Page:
Juvenile Rheumatoid Arthritis
Managing arthritis in children
Arthritis is described as an inflammation of joints causing swelling, heat and arthritis pain. It can be a short-term event, lasting just a few weeks or months, or it can be a chronic condition, lasting many months or even years. Rarely, it can last for life. Juvenile arthritis affects roughly 50,000 children in the United States.
The exact cause of rheumatoid arthritis in children is still unknown. It is an autoimmune disease in which the white blood cells can no longer tell the difference between the body's own healthy cells and harmful invaders. Thus, the immune system releases chemicals that can damage healthy cells, causing pain and inflammation.
The first signs of juvenile rheumatoid arthritis can be either obvious or subtle. These symptoms include:
- Swelling of the joints
- Sore muscles, particularly at the joints
- Stiffness in the hips, neck and other joints
- High fever
A diagnosis of arthritis can be made with a detailed medical history and a thorough physical examination. Blood tests or X-rays may also be ordered by the doctor to eliminate other possible conditions or causes for the symptoms.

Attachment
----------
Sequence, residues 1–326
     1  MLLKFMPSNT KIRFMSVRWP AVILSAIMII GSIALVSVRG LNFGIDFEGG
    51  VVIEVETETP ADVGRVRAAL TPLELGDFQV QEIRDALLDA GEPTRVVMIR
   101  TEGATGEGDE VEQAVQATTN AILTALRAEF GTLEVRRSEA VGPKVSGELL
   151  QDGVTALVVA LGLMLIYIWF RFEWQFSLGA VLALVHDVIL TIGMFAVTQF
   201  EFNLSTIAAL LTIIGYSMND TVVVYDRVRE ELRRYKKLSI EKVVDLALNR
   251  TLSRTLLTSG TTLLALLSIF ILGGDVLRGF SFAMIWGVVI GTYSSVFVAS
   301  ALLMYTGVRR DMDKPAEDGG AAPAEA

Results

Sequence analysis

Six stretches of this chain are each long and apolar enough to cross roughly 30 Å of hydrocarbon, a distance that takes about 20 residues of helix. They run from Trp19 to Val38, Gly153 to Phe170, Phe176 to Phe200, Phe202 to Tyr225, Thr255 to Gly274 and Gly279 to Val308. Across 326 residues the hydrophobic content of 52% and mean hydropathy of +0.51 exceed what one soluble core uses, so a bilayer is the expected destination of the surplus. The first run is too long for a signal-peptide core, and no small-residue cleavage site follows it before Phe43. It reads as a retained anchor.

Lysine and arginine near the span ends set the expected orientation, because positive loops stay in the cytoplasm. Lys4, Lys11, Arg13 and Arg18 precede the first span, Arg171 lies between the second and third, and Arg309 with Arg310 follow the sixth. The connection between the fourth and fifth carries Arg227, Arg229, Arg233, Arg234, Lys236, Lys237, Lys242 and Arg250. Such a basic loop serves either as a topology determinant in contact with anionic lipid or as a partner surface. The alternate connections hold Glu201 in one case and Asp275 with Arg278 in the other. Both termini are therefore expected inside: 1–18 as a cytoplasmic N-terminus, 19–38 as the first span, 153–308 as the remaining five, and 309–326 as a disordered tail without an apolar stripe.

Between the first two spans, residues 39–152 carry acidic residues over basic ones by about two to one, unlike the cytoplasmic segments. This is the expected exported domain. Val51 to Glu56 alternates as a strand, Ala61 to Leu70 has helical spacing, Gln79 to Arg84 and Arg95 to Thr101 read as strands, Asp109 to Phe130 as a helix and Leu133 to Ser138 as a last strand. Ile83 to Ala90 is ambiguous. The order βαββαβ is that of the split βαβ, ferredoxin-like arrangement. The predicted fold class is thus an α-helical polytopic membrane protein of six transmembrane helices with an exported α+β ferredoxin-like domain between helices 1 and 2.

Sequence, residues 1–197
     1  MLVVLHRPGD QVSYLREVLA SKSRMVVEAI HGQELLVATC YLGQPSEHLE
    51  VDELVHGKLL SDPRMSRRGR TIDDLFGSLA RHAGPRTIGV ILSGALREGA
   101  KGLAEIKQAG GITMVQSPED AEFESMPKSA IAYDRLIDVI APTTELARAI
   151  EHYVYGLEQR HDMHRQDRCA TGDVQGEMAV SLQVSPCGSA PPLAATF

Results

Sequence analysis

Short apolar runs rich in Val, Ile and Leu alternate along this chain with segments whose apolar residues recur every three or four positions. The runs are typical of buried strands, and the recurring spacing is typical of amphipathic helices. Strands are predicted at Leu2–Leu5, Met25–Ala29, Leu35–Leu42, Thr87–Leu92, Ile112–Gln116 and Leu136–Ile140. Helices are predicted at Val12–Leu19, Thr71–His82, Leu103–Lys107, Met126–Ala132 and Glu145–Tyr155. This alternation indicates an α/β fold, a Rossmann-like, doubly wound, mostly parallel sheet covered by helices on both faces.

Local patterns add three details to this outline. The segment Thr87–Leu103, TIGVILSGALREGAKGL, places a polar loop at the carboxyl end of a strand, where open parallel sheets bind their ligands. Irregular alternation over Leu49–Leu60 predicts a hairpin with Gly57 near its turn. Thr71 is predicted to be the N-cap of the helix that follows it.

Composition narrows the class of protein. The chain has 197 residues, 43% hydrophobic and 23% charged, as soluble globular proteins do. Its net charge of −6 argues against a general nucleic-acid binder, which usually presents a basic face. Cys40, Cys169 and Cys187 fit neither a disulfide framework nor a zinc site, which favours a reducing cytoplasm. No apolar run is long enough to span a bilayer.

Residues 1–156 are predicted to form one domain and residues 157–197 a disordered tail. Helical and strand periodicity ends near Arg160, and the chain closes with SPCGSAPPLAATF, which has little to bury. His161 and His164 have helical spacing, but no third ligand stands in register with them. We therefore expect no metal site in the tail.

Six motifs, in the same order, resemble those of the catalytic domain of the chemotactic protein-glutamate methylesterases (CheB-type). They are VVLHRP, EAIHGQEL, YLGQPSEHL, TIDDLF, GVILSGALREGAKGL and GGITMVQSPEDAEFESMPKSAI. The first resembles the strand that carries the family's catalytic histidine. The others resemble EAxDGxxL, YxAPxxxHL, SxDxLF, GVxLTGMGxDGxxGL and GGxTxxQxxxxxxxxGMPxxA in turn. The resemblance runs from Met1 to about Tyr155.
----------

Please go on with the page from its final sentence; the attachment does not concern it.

A doctor or physical therapist will be able to determine the best option for arthritis treatment. Combinations of any of the following treatments work to provide arthritis relief:
- Medications – Non-steroidal anti-inflammatory drugs such as ibuprofen may be prescribed to provide arthritis pain relief. They work to reduce inflammation by slowing the release of damaging chemicals from white blood cells.
- Physical therapy – Most patients are assigned an appropriate physical therapy program to help them manage their arthritis. Special exercise will be recommended to suit a child's specific needs.
- Habitual exercise – It's important for children with arthritis to participate in regular exercise even when pain occurs. Regular activity helps keep the muscles strong and healthy to protect the joints.
Daily life with arthritis
Despite the pain and discomfort that arthritis can bring, children can still lead active, healthy lives. Prescribed medication can reduce and relieve the pain and inflammation of joints, while proper education can help make the condition seem less scary or confusing.
At home and at school, children with arthritis should get regular exercise and participate in child fitness programs. Schools offer a variety of fitness activities that also encourage the children to make friends and have fun. Some fun, safe activities include swimming, bicycling and walking. Very-high-impact sports, such as football, should be avoided, as they can put strain on the already weakened joints.
With a little extra care (and perhaps the occasional anti-inflammatory), there is no reason your child can't have a normal, happy childhood, despite their juvenile rheumatoid arthritis.